Before Bears wide receivers coach Mike Furrey met with the media on Wednesday, Allen Robinson was curious what his position coach would say about him in public. 

“I just told him, I don’t know you,” Furrey quipped. “Who’s Allen Robinson?”

Furrey, of course, knows who Robinson is. But the point behind that joke is that Furrey, the Bears’ court wide receivers coach in four years, is still getting to know all of his receivers — let alone the one who hasn’t participated in a practice yet. For all the positivity that's easy to find around Halas Hall these days, the Bears' biggest offseason acquisition hasn't taken a rep yet. 

The good news for the Bears, of course, is that Robinson’s past play speaks for itself. He combined for 153 catches, 2,883 yards and 20 touchdowns in 2015 and 2016, and has been adamant he’ll return to that high level of play when he’s cleared to practice. The Bears were confident enough in Robinson’s medicals to guarantee him a little over $25 million in March, per Spotrac, about a month before they let Cameron Meredith sign with the New Orleans Saints largely over medical concerns (Meredith’s torn ACL was viewed as more serious than Robinson’s, in short). 

So the getting-to-know-you phase for Furrey and Robinson is largely taking place off the field in the meeting rooms of Halas Hall. 

“What a great young man,” Furrey said. “He’s come in here, obviously, rehabbing and doing all those things. But he’s alert, he comes to meetings, he’s ready to go. Really, really smart, you can tell that from the beginning and he’s a professional.”

What Furrey, in particular, likes about Robinson is that he’s an “alpha,” but is far more than all talk and no action. 

“And a lot of times that alpha talks a lot and they don’t really put it out there,” Furrey said. “He kind of has that alpha quietness to him. He understands what’s going on, you can look at him and you just kind of get that feel of he has a great understanding of how to approach this game at this level. Obviously he’s been highly successful for a couple years with some big numbers, but he doesn’t act like that. He’s still hungry, he wants to learn, and I think he’s got a chip on his shoulder, which is a good trait to have too. So we’re excited about that.”

The expectation all along has been for Robinson to be cleared to fully participate in training camp practices. So while coach Matt Nagy said last week Robinson is “ahead of the game,” that may not mean he takes part in the final round of OTAs next week or veteran minicamp the first week of June. 

But while Robinson can’t prove himself to his new coaches on the field yet, he’s doing the right things off the field to make a positive first impression. 

“He knows you gotta come in early, he knows you gotta be the last one to leave, he knows you gotta study,” Furrey said. “It doesn’t matter five years in, six years in, you gotta take notes. It doesn’t matter if you hear it 10 times, you just gotta keep taking notes. He’s been really good at that, and I’ve been really impressed with that. I’ve been able to get on the field with him a little bit, just kind of throwing some balls to him, and I didn’t know he was that big. But obviously we’re excited for it to happen out there.”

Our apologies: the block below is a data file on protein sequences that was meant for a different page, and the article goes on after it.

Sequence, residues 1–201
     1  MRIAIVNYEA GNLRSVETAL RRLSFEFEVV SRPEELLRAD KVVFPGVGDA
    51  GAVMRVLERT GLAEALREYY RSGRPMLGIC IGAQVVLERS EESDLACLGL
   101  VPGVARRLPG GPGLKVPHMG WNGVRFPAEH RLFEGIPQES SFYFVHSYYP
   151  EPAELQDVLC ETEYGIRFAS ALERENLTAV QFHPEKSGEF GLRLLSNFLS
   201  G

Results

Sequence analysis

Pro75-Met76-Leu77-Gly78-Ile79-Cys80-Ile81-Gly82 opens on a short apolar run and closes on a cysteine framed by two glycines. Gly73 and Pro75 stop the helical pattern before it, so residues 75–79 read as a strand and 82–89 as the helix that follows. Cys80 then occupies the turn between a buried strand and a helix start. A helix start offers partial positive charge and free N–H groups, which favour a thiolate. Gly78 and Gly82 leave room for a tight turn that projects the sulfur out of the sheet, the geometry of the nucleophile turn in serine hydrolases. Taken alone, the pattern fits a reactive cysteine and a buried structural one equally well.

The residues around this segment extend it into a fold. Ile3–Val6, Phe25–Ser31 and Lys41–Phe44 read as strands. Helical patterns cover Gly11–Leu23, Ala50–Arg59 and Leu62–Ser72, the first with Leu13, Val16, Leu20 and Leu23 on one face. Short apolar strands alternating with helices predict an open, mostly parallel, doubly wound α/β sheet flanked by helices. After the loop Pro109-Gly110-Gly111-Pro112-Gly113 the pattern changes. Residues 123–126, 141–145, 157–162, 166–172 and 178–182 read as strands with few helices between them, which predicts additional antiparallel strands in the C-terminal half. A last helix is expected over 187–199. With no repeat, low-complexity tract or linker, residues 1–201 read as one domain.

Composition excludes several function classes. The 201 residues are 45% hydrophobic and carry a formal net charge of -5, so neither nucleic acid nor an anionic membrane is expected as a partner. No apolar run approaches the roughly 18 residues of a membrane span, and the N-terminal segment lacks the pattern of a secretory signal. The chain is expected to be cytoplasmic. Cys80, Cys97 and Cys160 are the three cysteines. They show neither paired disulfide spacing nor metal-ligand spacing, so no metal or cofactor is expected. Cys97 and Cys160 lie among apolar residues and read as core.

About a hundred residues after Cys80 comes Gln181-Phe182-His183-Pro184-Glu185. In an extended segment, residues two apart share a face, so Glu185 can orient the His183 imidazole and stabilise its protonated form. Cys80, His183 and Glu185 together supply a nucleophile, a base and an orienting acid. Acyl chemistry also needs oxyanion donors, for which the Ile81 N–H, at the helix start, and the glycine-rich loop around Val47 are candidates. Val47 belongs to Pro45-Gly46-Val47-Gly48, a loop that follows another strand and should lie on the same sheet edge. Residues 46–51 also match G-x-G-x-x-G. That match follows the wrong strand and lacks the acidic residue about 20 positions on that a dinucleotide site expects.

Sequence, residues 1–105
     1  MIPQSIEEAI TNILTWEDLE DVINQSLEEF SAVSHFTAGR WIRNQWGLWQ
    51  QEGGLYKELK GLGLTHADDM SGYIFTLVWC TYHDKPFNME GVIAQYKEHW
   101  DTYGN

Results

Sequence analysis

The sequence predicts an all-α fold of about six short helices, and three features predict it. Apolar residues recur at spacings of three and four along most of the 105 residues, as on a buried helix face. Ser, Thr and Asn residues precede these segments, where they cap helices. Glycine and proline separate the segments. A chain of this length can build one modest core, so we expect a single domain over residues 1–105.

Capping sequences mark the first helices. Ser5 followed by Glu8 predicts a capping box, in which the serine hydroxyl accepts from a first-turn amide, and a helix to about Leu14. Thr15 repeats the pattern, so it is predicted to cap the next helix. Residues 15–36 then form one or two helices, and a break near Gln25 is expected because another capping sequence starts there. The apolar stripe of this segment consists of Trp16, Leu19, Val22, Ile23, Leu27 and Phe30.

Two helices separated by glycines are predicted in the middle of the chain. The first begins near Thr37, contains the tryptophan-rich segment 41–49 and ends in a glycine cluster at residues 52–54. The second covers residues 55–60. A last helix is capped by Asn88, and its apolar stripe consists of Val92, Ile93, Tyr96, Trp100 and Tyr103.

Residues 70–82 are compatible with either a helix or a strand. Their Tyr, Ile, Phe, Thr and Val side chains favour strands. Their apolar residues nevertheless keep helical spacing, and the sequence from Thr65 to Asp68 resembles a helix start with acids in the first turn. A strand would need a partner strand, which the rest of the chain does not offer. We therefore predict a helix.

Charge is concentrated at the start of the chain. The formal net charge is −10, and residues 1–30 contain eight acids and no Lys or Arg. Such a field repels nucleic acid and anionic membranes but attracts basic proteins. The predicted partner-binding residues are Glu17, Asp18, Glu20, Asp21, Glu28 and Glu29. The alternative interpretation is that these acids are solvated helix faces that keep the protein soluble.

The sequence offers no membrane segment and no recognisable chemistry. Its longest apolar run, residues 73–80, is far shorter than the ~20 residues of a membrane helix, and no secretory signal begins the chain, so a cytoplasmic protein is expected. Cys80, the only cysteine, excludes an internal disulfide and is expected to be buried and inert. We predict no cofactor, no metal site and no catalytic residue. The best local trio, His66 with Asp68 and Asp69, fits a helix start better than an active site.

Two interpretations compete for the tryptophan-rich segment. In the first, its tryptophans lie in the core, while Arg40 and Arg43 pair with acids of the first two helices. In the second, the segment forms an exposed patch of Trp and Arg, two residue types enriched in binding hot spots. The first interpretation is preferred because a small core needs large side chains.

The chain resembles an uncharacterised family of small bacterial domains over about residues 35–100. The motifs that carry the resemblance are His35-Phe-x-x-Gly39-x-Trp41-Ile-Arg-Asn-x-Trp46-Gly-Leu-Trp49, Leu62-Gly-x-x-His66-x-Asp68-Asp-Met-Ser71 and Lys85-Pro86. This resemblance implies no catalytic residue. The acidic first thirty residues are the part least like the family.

Protection Issues: Bears O-line ranked 21st in NFL

Protection Issues: Bears O-line ranked 21st in NFL

Mitch Trubisky has been set up for a huge season in 2018 with all the firepower the Chicago Bears added on offense. Allen Robinson, Taylor Gabriel, Anthony Miller and Trey Burton will give the second-year quarterback a variety of explosive targets to generate points in bunches.

None of the headline-grabbing moves will matter, however, if the offensive line doesn't do its job. 

According to Numberfire.com, the Bears' starting five could be the offense's Achilles heel. They were ranked 21st in the NFL and described as poor in pass protection.

Last year, the Bears ranked 26th in Sack NEP per drop back and 23rd in sack rate. These issues were especially apparent after Trubisky took over. In the games that [Kyle] Long played, their sack rate was 8.2%. It was actually 7.2% in the games that he missed. They struggled even when Long was healthy.

The Bears added Iowa's James Daniels in the second round of April's draft and he's expected to start at guard alongside Long. Cody Whitehair will resume his role as the starting center, with Charles Leno, Jr. and Bobby Massie at offensive tackle.

If Long comes back healthy and Daniels lives up to his draft cost, they should be a good run-blocking team from the jump. But Long has played just 18 games the past two years and is entering his age-30 season, so that's far from a lock. On top of that, the pass blocking was suspect last year and remains a mystery entering 2018.

The biggest addition to the offensive line is Harry Hiestand, the accomplished position coach who returns to Chicago after once serving in the same role under Lovie Smith from 2005-2009. He most recently coached at Notre Dame and helped develop multiple first-round picks. He's going to have a huge impact.

The good news for the Bears is they weren't the lowest-ranked offensive line in the NFC North. The Vikings came in at No. 25. The Packers checked-in at No. 13, while the Lions were 16th.